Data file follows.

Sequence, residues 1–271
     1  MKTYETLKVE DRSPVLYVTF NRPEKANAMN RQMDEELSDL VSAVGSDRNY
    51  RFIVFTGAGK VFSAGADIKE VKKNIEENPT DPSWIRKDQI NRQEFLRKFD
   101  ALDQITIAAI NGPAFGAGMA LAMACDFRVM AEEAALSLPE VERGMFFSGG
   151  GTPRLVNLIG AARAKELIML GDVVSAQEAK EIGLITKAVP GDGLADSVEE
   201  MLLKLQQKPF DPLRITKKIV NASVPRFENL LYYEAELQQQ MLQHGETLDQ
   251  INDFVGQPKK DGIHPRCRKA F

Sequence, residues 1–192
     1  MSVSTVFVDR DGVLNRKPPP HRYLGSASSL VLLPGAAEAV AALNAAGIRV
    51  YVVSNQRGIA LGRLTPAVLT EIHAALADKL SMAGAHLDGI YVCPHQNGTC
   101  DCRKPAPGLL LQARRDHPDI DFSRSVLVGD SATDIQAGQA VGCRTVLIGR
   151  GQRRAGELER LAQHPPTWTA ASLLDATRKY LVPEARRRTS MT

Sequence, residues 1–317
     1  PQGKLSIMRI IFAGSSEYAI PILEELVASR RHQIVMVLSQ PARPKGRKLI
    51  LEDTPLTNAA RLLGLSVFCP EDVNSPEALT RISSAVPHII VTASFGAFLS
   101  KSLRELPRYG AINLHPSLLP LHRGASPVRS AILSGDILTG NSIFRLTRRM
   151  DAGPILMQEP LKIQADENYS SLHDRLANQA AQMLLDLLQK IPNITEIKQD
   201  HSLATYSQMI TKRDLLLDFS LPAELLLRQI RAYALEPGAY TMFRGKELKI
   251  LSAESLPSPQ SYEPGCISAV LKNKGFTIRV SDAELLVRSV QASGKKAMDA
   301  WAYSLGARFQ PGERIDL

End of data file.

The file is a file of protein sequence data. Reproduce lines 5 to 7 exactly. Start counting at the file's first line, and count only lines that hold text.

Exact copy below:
   151  GTPRLVNLIG AARAKELIML GDVVSAQEAK EIGLITKAVP GDGLADSVEE
   201  MLLKLQQKPF DPLRITKKIV NASVPRFENL LYYEAELQQQ MLQHGETLDQ
   251  INDFVGQPKK DGIHPRCRKA F